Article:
Over the last year, we heard from hundreds of business owners like you about what the priorities should be for Manitoba's 2020-2021 Budget. We're working hard to make sure the provincial government will let you keep more of your hard-earned money, while continuing to reduce the deficit and red tape. The province must limit spending growth, while ensuring important investments are made in core infrastructure and crime reduction, among others.
In the next two months, we will be meeting with provincial leaders including Manitoba's Minister of Finance, Hon. Scott Fielding, and Opposition Leaders to make sure that your priorities are their priorities. We will be sharing results from our 2020-2021 Manitoba Pre-Budget Survey, as well as some other recent CFIB survey data and economic research.
Stay up-to-date on our detailed pre-budget priorities by revisiting this webpage.
Join the Fight!
Manitoba’s businesses still need tax relief, and the provincial government must deliver on its commitment to increase the Basic Personal Exception (BPE) amount by $2,000. Help us push for more tax relief by signing our Action Alert: Progress made; more work needed!
2019 Manitoba budget Highlights:
- The Provincial Sales Tax (PST) lowered from 8% to 7% beginning on July 1st, 2019. This equates to $325 million in savings annually ($237 million to Manitobans in the 2019 fiscal year);
- Manitoba’s PST is now the 3rd lowest among all provinces and the lowest rate east of Saskatchewan;
- Personal income tax brackets and Basic Personal Exemption amount continue to be indexed, saving an additional $36 million in 2019-2020.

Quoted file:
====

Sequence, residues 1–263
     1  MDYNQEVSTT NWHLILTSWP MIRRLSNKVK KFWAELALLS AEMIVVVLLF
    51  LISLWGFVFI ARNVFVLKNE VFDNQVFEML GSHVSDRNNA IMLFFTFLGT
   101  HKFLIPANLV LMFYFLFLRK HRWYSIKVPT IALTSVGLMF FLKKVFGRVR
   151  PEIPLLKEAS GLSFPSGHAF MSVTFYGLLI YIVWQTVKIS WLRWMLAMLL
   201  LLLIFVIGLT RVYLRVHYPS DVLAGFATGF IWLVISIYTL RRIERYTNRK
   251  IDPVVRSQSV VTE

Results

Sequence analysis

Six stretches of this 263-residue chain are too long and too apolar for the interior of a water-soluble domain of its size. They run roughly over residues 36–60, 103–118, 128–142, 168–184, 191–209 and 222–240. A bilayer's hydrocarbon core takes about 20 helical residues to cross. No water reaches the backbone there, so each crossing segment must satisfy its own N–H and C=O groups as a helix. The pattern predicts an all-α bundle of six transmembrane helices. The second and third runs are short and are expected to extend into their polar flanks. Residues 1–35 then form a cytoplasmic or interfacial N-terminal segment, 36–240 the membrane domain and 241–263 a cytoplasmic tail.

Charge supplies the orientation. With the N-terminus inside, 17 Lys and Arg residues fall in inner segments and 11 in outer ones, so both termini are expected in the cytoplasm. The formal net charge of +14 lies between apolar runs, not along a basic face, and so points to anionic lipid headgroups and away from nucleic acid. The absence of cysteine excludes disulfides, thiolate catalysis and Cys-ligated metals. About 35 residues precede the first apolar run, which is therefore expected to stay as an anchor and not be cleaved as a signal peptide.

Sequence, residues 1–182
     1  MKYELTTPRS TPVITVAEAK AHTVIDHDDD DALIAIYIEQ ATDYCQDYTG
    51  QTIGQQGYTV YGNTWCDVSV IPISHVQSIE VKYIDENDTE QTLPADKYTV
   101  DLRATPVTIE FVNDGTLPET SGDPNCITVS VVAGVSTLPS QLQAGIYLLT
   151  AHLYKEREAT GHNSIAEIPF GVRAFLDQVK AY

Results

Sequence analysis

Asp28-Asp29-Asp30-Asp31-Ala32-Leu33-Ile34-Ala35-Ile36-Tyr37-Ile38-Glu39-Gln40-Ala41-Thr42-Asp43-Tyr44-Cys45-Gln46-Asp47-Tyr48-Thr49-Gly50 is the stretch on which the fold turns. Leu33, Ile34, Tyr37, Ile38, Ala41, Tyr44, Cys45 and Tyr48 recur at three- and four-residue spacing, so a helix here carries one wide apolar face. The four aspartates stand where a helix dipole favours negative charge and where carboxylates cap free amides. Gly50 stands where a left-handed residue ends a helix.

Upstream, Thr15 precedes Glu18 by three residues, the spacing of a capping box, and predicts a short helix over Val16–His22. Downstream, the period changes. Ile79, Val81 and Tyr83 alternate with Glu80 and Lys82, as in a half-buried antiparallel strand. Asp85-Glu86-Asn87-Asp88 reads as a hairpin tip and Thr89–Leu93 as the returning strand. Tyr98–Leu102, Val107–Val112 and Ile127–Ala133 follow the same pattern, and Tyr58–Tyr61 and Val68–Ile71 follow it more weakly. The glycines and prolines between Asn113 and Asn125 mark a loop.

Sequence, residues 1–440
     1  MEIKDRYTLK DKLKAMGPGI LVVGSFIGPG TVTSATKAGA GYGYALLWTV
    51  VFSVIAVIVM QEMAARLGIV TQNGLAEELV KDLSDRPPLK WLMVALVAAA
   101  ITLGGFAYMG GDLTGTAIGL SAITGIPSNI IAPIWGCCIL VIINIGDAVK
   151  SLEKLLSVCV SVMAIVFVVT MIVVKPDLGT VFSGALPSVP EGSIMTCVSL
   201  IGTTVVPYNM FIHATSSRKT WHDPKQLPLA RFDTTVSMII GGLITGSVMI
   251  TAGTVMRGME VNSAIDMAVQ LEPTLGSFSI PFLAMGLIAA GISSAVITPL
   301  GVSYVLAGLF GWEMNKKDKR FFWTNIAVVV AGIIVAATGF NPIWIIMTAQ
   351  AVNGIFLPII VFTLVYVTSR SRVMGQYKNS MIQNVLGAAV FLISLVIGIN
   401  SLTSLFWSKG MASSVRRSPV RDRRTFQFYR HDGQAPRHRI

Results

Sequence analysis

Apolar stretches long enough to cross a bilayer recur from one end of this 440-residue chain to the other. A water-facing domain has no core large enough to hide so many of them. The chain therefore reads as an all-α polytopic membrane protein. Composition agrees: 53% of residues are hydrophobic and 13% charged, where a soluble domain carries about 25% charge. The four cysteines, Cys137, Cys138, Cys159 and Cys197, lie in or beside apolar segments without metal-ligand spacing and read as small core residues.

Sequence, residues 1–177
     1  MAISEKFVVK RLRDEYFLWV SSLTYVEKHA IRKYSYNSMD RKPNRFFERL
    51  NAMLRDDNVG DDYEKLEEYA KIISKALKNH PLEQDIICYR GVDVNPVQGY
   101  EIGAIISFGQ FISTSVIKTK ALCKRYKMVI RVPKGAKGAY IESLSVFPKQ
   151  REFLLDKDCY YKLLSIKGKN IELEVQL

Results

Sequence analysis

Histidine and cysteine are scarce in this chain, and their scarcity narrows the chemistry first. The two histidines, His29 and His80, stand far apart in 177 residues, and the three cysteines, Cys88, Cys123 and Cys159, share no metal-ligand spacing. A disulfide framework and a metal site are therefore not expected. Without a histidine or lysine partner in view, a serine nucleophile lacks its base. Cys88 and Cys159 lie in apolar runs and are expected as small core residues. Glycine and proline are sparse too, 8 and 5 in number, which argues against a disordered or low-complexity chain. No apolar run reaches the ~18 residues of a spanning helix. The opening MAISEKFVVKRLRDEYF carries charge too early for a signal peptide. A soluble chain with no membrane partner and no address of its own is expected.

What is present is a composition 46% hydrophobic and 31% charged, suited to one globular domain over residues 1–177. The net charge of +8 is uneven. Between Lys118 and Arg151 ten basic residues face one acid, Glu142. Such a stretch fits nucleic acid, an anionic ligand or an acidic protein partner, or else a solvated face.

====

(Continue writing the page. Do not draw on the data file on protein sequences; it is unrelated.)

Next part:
Getting back to balanced budgets:
- The deficit is projected to decrease to $360 million in 2019-2020 (a decrease of $161 million from the 2018 budget);
- The province is holding spending growth to just 1.2% from their current 2018 budget Q3 report;
- The province is receiving significant increases in federal transfer payments, a significant increase in personal income tax revenues, and is finding savings through efficiencies;
- The province has not outlined a multi-year plan to get back to balanced budgets, but CFIB’s projections estimate that it will return to balanced budgets by the 2022 budget at its current growth rate.
Red tape reduction:
- The government continues to place a priority on red tape reduction in 2019-2020, but the budget does not to focus on reducing red tape for small businesses.
- The province is investing less than excepted on core infrastructure projects such as roads and bridges;
- The province has not outlined its plan to raise the Basic Personal Exemption amount by $2000, as previously committed.